As time rolled on, I became less and less selfish, am disposed to look upon the whole humanity, animals and men, as part of myself, and am more and more anxious to learn and become useful to the world at large within my limited means and knowledge, of which there is not much.
In the middle part of the year 1883, one night, I was carried in my dream to a great chain of mountains when some one led me into their recesses. There I found a great rock temple in the form of a hall of oblong size, and I perceived the same Mahatma, who had shown himself to me on the two previous occasions, seated on a low stool with a shrine opposite to him, and there were two rows of Mahatmas, one on each side, all dressed in Buddhists gown except the Chief. I prostrated as usual and was ordered to rise. I was then told to go round the shrine, and some one led me round, and there I found two or three ladies in deep devotion. On the shrine I observed a very brilliant substance resembling phosphorus, in a dark place irregularly coiled like a serpent, and I expressed a wish to know what it was; and one of the ladies then opening her eyes told me that the shrine is earth, to which state all our physical bodies must be brought down sooner or later, and the brilliant substance is the spirit, or essence, or "Jyoti" which moves all universe. I came back to the Chief, and after prostrating before him once more, I left the place which was said to be "Harthayery", by one of the Mahatmas standing. (1)
I have had no dreams since then, but I perceive a change coming over me as if my inward man is trying to fly upwards; and I have now a very sincere desire to proceed to the Tibetan mountains in search of the Mahatmas.
I was thinking over these dreams, and at last my mind became so heavy with these thoughts that I prayed to the Mahatmas for relief. In my dream again about two months ago, I was told to go to Mr. T. Subba Row, the worthy President of the Madras Branch of the Theosophical Society, and to him I went after the voice repeated itself a second time. To him I explained my whole experience, and he kindly asked me to call at the Head-Quarters of the Theosophic Society in order to see if I could recognize the features of the Mahatma who appeared to me in my dream.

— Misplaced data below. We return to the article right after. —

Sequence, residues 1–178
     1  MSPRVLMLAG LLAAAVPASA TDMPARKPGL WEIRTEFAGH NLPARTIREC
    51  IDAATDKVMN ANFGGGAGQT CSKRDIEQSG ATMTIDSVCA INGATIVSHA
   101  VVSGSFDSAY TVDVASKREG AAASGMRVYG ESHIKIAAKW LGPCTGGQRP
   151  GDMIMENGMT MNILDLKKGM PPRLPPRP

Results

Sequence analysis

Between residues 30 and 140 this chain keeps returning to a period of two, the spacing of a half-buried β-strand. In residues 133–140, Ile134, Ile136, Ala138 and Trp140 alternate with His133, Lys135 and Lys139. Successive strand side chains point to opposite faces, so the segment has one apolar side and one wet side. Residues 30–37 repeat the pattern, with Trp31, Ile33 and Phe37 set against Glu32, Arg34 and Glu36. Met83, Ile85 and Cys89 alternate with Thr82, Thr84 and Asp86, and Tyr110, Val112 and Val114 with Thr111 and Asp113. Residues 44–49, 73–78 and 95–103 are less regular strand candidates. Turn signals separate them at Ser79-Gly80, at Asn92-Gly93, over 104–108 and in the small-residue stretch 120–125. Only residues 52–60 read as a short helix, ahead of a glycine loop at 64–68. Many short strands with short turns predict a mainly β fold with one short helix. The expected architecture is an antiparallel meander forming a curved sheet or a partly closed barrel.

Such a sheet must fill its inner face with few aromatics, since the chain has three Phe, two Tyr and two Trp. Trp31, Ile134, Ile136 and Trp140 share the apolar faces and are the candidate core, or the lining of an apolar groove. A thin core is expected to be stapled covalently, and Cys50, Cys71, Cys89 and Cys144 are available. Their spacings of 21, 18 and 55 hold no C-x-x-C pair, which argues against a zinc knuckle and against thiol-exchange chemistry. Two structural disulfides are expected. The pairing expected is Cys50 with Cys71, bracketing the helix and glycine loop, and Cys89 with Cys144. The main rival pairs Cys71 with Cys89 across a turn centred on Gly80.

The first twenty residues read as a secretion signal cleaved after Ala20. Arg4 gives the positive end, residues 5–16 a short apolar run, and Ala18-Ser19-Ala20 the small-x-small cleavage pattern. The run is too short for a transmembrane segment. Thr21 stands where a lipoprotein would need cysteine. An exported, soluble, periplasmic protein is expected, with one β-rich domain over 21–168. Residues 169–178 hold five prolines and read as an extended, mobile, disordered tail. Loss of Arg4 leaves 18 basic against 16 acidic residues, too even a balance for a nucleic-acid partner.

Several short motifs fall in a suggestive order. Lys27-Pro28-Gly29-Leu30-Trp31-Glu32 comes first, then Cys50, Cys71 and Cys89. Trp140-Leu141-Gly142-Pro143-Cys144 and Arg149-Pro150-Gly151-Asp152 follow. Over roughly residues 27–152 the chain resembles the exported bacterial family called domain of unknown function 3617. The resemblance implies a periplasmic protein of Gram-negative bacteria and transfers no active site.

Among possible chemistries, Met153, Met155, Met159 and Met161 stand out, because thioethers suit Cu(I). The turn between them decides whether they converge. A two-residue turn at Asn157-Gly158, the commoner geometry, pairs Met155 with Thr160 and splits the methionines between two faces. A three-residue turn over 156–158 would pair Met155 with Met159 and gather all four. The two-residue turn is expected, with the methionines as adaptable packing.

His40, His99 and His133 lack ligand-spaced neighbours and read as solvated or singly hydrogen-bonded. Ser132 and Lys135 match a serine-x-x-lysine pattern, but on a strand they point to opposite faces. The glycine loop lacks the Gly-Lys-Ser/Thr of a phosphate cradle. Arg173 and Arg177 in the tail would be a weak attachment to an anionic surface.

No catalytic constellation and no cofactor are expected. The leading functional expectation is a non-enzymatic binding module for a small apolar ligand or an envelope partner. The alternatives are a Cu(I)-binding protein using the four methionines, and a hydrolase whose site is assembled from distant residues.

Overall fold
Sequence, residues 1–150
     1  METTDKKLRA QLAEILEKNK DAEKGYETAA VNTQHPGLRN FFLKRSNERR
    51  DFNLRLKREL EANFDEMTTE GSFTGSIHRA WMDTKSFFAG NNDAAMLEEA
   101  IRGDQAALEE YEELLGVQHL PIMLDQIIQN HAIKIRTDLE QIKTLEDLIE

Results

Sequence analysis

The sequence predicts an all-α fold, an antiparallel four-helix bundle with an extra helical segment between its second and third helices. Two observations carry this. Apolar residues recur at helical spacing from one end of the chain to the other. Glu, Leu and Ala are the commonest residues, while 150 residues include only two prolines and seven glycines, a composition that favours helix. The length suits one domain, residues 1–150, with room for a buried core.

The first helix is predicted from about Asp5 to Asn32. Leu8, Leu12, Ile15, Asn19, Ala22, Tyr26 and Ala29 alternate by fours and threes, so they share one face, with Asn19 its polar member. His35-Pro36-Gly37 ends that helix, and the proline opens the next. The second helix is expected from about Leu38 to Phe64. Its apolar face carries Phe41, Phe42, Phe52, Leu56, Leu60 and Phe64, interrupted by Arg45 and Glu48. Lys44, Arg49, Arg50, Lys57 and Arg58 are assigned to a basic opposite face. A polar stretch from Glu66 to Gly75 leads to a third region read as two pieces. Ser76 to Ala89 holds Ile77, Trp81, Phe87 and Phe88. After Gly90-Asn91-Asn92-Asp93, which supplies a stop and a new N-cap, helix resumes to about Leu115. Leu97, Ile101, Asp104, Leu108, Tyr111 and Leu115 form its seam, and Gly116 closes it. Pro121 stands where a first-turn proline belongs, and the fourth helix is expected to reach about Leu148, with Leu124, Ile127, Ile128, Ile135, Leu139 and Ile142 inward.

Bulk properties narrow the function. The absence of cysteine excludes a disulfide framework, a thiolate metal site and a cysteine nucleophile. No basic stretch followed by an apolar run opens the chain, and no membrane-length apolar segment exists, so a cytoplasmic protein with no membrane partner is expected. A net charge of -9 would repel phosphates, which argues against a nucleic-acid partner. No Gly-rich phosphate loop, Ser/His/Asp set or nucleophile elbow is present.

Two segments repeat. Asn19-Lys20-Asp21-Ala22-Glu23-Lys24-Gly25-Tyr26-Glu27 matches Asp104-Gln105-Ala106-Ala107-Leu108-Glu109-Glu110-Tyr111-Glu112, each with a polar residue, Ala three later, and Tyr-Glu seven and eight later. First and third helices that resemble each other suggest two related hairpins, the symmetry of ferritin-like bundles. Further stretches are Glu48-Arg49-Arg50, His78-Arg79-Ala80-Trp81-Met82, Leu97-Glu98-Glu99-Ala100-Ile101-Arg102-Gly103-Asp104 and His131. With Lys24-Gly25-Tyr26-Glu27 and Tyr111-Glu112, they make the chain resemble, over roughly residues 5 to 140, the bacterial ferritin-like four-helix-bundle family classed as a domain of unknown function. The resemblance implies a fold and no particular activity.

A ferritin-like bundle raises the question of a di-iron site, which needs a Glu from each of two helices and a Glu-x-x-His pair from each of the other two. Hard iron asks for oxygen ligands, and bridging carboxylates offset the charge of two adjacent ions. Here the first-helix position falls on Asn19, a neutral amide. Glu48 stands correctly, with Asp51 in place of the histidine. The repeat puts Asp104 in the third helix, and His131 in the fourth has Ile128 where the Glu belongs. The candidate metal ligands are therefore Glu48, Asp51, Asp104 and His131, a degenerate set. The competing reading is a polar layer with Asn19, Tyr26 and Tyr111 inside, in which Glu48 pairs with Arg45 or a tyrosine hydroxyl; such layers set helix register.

I went thither the same evening, and at about 4 P.M., the "Shrine" doors were opened, and to my surprise I identified in the photo of the Illustrious Mahatma K. H. the exact features of the Mahatma of my dreams. With my hands joined in a state of supplication, and with the words "O Mighty God" on my lips, I went down on my knees, and in an hour afterwards I became a fellow of the Theosophic Society.
C. RAMIAH.MADRAS, 11th August, 1884.
Go to Part II
(1) The correspondent probably means an altar and not a shrine. But the details he gives of the Jyoti (flame) seem to correspond to what is alleged to exist in a certain temple in Thibet. The flame symbolises what the Hindu philosophers know as paramjyoti, which is sometimes represented by the Buddhists as the "yellow Sun in the lotus." -- (Ed.)